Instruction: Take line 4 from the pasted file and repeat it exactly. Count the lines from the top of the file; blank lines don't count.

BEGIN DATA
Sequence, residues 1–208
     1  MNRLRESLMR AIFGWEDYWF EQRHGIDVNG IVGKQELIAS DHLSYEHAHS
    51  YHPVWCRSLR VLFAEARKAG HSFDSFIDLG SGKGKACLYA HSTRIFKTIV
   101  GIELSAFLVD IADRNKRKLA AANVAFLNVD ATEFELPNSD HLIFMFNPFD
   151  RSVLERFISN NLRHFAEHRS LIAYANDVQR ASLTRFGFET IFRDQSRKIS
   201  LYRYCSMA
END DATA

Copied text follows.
   101  GIELSAFLVD IADRNKRKLA AANVAFLNVD ATEFELPNSD HLIFMFNPFD